1  1/2 cups leeks, sliced and rinsed
4 cloves garlic, minced
2 cups arborio rice (or other short-grain rice)
1 cup white cooking wine
1/4 tsp. fresh nutmeg
1/2 tsp. salt
few cracks of ground pepper
1 cup pumpkin puree
1-2 tsp. maple syrup
1 Tbsp. butter
1/2 cup freshly grated parmesan cheese
fresh herbs for garnish

Place bacon on baking sheet and cook under broiler 5 minutes.  Flip and bake cook another 4-5 minutes.  Remove from pan to a paper towel-lined plate.

In a medium saucepan, combine apple cider, veggie broth and water.  Heat until warm and keep over very low heat.

In a large saucepan, drizzle about 1-2 tablespoons olive oil.  Add leeks and cook over medium-high heat until tender.  Add garlic, saute about 30 seconds, then add the rice and saute another 30 seconds or so.  Add the wine and cook until almost evaporated.  Reduce heat to medium.  Add about 1/2 cup of the warm broth mixture, stir in and let cook until just about evaporated, stirring occasionally.  Continue until rice is al dente and most or all of the broth mixture is gone (you may not need all of it; if you need more, just add a little warm water)/  This will take about 25-30 minutes.

When rice is finished cooking, add the nutmeg, salt, pepper, pumpkin, maple syrup, butter and parmesan cheese.  Stir to combine well.  Taste to check for seasoning and adjust as necessary.  Garnish with fresh herbs and crumbled bacon.  Serve warm.

SOURCE: Adapted from Pineapple & Coconut

Tuesday, November 5, 2013

Pumpkin Cinnamon Rolls with Apple Cider Glaze

Cinnamon rolls and soup. Yep, that's what I start craving when it starts getting cold and gloomy outside.  I think I've already made cinnamon rolls like four times in the past couple of months!!  Luckily I have great neighbors that are willing to take them off my hands so I don't eat them all!

You probably remember reading last month on my facebook page that I like to try new kinds of cinnamon rolls every October.  Pumpkin rolls definitely AREN'T a new concept but I can't believe I haven't made them until now and let me tell you I may just have to make them again. Soon.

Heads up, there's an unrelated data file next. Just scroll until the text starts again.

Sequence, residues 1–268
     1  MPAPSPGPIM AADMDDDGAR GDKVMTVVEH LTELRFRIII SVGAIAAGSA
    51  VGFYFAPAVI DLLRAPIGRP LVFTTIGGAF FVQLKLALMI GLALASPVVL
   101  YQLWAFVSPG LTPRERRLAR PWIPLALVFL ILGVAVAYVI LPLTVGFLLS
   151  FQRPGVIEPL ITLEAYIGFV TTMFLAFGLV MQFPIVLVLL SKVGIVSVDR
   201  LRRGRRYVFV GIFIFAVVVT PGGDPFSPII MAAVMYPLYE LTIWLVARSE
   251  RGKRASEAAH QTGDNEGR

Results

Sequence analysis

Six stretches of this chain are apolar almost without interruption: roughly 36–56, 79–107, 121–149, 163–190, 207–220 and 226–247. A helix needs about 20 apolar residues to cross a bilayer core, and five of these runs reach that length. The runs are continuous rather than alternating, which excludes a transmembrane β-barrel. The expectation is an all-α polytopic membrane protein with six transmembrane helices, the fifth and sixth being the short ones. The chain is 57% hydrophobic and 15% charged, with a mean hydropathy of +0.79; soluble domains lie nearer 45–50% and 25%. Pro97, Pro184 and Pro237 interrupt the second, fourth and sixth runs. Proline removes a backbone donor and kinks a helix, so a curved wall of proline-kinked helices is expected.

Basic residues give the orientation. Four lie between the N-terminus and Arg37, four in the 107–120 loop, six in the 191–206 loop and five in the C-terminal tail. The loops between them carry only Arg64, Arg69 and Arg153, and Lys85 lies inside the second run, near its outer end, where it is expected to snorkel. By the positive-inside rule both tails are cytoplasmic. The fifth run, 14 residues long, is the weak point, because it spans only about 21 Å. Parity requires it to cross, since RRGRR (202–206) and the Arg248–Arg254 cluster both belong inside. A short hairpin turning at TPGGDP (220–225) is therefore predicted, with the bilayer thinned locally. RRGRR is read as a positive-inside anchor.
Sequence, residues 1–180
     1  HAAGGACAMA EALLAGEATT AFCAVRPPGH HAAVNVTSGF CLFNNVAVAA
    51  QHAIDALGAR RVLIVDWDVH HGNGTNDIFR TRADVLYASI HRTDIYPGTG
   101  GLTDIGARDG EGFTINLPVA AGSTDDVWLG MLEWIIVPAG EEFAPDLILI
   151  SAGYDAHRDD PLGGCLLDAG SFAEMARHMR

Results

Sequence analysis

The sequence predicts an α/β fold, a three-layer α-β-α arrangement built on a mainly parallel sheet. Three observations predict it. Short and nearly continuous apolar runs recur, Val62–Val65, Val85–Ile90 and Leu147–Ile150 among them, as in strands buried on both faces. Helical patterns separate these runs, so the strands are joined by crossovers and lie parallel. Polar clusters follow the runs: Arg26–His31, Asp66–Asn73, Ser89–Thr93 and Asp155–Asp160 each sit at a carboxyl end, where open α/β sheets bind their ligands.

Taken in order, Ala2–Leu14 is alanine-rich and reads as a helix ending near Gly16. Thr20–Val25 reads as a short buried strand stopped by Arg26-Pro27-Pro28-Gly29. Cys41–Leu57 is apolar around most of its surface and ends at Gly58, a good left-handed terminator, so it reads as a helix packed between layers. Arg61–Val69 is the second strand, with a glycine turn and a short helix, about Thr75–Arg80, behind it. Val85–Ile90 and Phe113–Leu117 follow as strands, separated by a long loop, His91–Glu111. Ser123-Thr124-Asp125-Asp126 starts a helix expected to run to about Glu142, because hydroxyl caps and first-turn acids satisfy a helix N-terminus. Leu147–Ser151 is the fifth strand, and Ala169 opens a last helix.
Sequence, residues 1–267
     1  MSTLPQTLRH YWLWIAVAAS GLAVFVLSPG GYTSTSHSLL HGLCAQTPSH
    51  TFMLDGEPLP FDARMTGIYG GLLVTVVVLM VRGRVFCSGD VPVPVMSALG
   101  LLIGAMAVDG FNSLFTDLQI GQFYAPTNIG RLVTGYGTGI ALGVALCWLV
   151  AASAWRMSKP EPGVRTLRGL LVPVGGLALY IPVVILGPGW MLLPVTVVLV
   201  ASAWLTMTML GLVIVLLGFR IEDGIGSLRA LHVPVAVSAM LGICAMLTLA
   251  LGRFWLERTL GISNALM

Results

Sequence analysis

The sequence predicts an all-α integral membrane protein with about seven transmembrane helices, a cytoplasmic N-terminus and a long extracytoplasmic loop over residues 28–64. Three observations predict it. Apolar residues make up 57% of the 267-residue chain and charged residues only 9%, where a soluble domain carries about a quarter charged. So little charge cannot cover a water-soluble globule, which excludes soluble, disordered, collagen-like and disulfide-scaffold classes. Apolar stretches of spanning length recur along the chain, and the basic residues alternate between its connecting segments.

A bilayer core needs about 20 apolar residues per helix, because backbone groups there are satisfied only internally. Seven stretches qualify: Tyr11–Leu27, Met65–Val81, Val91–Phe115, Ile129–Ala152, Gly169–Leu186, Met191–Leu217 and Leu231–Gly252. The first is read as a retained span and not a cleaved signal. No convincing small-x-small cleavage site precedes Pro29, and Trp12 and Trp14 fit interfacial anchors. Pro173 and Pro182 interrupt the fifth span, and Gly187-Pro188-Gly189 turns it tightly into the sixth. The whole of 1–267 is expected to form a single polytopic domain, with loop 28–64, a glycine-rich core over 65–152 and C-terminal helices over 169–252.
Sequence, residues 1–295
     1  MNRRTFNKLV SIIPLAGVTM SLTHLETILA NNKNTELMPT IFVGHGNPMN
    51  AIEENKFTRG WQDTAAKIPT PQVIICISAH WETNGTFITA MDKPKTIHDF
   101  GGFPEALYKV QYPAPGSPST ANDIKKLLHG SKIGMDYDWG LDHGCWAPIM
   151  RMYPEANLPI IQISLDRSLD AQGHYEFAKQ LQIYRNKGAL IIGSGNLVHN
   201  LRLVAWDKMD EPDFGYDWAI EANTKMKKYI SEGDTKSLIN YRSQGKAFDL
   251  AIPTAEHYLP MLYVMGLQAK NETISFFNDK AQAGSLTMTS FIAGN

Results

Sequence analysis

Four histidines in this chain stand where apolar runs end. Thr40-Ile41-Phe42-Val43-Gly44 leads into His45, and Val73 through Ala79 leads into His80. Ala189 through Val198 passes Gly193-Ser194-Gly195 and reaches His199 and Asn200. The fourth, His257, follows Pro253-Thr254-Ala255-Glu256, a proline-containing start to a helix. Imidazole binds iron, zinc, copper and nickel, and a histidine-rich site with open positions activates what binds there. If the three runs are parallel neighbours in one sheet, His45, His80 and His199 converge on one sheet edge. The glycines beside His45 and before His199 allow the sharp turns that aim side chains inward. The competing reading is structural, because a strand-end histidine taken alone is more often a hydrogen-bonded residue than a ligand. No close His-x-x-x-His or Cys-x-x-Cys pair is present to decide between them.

I had some fresh apple cider in the fridge so decided to use that in the glaze but if you don't have any, feel free to use any of the options I listed at the end of the post.

Pumpkin Cinnamon Rolls
for the dough:
5 cups flour
1 1/2 Tbsp. yeast
1/2 cup sugar
2 tsp. salt
1 tsp. cinnamon
pinch of cloves
pinch of nutmeg
1/2 cup butter, softened
3 eggs
1 cup pumpkin puree
1/2-3/4 cup whole milk

for the filling:
1/3 cup butter, softened
1 cup brown sugar
1 tsp. cinnamon
pinch of nutmeg
pinch of cloves
1 cup chopped pecans, plus more for garnish

for the glaze:
1/2 cup butter, softened
1/2 cup apple cider (fresh is best)
2-4 Tbsp. whole milk
~ 4 cups powdered sugar
pinch of apple pie spice

To prepare the dough, place flour, yeast, sugar, salt and spices in a mixing bowl fitted with a dough hook.  Pulse to combine.  In a small mixing bowl, whisk together butter, eggs, pumpkin and milk and add to the mixing bowl with the dry ingredients.  Mix on medium speed for about a minute, then check to see if dough looks right (it should be a little sticky, more so than bread, but not incredibly and definitely NOT dry).  Mix for about 5 minutes.  Remove dough and place in an oiled bowl, cover and let rise until doubled in bulk.

Divide dough in half and roll out into a long rectangle.  Mix together filling ingredients, except pecans.  Spread half of the butter across the dough, leaving about an inch on the upper edge.  Sprinkle half of the filling over the dough and about half a cup of pecans.  Roll dough away from you, stopping at the edge to pull it over towards you and sealing it shut.  Slice into about 1-inch slices either with a knife or a clean piece of floss. Place rolls into prepared pans. Repeat with other half of dough and filling.

*Grease your pans.  Depending on what kind of pans you use and how thick you cut your rolls will determine how many pans you need.  I used 4 9-inch rounds and a lasagna-size tray this time. 

Cover rolls with a light tea towel and allow to rise until almost doubled.  Preheat oven to 375 degrees F and bake rolls for 13-15 minutes or until lightly golden.

Allow rolls to cool.  Prepare frosting.  Whisk together butter, cider, milk,  pie spice and enough powdered sugar to reach desired consistency; start with 4 cups.  Slather on cooled rolls and garnish with extra chopped pecans, if desired.

*For an alternate frosting, substitute the apple cider for milk, omit the apple pie spice and add either vanilla or maple extract. OR, you could also substitute cream cheese for the butter if you prefer cream cheese frosting.